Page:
The updated Volkswagen Polo will launch in Australia in September without a diesel engine due to low demand for the outgoing oiler and efficiency improvements for the petrol engine.
Volkswagen Australia confirmed its switch to a petrol-only line-up for the facelifted Polo at the city car’s international launch in Munich, Germany, this week. It will be the first time a diesel Polo hasn’t been offered in Australia since 2005.
The decision pass on the all-new 1.4-litre three-cylinder turbo diesel engine in the Polo means the cheapest diesels in the Volkswagen’s local range will be the van-based Caddy Life 250TDI at $29,990 and the Golf 110TDI at $34,790.
Volkswagen Australia communications general manager Karl Gehling says the company anticipated an overwhelming customer preference for the turbo petrol engine in the refreshed Polo line-up, hence its decision to leave the diesel out of the range.
“The diesel take-up with Polo is so small,” Gehling said. “As fuel economy of the petrols gets better and better there’s less take-up on the diesels.
“The reduction in fuel consumption means we see that there is even less likely to be demand for a diesel, especially in Polo. In smaller cars the difference between the most efficient diesel and the most efficient petrol … the gaps are tiny.
“We never rule anything out, but at this stage we’re not planning to bring it.”
The local division will also ignore the tiny 1.0-litre three-cylinder petrol engine inherited from the Up! micro car, believing the non-turbo 44kW and 55kW units aren’t right for the Polo in our market.
The new three-cylinder diesel engine produces identical power and torque figures to its 1.6-litre four-cylinder predecessor, though its 66kW is available 700rpm earlier at 3500rpm and its peak torque band expands to 1500-2500rpm (previously 1750-2500rpm).
The new Polo 66TDI is almost 28 per cent more fuel efficient than the version offered in Australia (based on European data), with combined cycle fuel consumption falling from 4.7 litres per 100km to 3.4L/100km for the five-speed manual variant. Average CO2 emissions are also down from 121 grams per kilometre to 88g/km, while acceleration from 0-100km/h is now claimed at 10.9 seconds, down from 11.5sec.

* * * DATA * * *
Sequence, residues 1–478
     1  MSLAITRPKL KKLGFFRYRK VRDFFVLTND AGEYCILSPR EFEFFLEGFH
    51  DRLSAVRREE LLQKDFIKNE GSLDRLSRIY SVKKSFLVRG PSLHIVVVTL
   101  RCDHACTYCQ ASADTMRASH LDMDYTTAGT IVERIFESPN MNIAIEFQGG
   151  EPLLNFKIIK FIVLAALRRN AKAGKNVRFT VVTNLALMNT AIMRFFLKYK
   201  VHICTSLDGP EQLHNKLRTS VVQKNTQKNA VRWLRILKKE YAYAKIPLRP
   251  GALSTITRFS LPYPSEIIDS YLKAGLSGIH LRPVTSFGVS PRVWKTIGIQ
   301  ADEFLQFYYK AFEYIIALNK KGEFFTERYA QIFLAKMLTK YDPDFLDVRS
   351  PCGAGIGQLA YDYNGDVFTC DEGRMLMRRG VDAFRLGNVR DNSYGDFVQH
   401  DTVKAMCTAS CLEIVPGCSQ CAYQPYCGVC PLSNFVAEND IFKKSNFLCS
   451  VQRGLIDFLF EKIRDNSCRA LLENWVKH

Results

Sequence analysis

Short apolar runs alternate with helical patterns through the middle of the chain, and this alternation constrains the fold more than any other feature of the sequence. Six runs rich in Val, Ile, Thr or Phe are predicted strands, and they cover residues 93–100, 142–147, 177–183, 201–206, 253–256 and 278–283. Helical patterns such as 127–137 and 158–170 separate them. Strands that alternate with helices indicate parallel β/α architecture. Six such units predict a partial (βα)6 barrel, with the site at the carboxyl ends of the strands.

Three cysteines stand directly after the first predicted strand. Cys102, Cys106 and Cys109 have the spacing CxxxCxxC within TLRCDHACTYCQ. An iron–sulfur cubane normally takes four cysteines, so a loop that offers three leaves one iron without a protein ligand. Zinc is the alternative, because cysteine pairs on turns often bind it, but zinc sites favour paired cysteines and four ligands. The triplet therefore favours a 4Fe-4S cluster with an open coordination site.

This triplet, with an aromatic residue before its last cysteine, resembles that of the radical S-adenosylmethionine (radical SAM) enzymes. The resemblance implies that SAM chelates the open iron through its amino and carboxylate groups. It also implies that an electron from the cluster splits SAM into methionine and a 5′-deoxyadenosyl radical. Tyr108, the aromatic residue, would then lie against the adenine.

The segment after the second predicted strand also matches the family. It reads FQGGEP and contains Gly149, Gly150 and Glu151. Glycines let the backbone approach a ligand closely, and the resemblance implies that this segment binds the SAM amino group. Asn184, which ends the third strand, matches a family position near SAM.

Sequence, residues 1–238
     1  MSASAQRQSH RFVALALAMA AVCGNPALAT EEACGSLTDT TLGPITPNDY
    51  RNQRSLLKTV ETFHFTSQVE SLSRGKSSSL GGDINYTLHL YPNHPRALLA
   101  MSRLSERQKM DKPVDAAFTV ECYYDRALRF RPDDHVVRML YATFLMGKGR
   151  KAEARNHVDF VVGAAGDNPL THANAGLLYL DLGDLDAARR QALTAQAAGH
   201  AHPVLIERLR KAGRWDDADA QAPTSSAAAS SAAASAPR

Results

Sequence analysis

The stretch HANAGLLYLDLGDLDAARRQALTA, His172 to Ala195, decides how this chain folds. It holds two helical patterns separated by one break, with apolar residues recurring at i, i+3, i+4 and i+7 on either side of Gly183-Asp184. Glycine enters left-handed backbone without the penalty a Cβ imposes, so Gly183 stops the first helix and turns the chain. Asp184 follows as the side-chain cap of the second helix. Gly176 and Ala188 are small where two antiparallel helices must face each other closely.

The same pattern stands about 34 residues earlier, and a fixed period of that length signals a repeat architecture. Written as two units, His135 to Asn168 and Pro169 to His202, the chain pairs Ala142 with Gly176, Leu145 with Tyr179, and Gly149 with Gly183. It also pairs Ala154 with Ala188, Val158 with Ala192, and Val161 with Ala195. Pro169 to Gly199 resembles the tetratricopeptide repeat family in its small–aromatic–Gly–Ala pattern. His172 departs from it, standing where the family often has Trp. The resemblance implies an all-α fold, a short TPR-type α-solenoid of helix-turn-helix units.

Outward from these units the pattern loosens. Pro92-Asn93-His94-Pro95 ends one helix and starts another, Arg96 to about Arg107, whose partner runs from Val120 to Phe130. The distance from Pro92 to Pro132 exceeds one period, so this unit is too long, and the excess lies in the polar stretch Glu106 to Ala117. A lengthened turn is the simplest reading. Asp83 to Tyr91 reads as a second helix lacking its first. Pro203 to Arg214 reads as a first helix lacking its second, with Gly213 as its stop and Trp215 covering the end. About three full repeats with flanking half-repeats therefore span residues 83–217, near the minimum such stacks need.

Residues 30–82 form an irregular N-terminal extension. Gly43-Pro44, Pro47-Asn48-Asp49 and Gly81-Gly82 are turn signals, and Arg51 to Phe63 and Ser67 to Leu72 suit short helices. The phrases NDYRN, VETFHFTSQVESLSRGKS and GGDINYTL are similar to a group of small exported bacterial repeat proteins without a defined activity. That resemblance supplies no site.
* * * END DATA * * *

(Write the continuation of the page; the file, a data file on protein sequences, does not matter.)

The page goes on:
In Europe, the engine is also available in a less powerful 55kW/210Nm tune, and in the efficiency-focused Polo 66TDI Bluemotion variant, which incorporates aerodynamic enhancements and other fuel-saving measures to reduce consumption to just 3.1L/100km, which Volkswagen says makes it the most frugal five-seat diesel car in the world.
CarAdvice had the opportunity to drive the new Polo 66TDI back-to-back with the new 66TSI petrol variant in Germany this week.
Unsurprisingly the diesel engine is noisier and less refined than its equally powerful 1.2-litre four-cylinder turbo petrol counterpart. It’s particularly evident at start-up, idle and at low revs, where traditional diesel engine rumble and characteristic three-cylinder thrum combine to form a grumbly partnership. Beyond 3000rpm it’s loud and sounds like it’s working hard, and vibrations can be felt through the throttle pedal and footwell.
It’s brilliantly torquey through its mid-range, however, where all 230Nm is at the driver’s disposal. Here it pulls strongly and – thanks to its 70Nm advantage – feels even more effortless than the refined petrol. Volkswagen claims the 66TDI is 1.5 seconds faster from 80-120km/h than the 66TSI (9.5sec versus 11.0sec in fourth gear).
The combination of the diesel engine with the seven-speed dual-clutch automatic (DSG) is effective, though the transmission’s eagerness to grab high gears in the pursuit of increased efficiency means it spends more time operating at those lower, gruffer engine speeds. The five-speed manual feels a better match, where the driver can more easily hold gears and keep the engine revving where it feels most comfortable.
There’s currently a $4750 gap between the $19,490 Trendline petrol DSG and the $24,240 Comfortline diesel DSG – a difference that would likely be mirrored by the 66TSI Trendline and the 66TDI Comfortline in the updated range.
Though the diesel is more fuel efficient, the performance, refinement, still-impressive economy and cheaper price tag of the petrol make it arguably a more attractive option.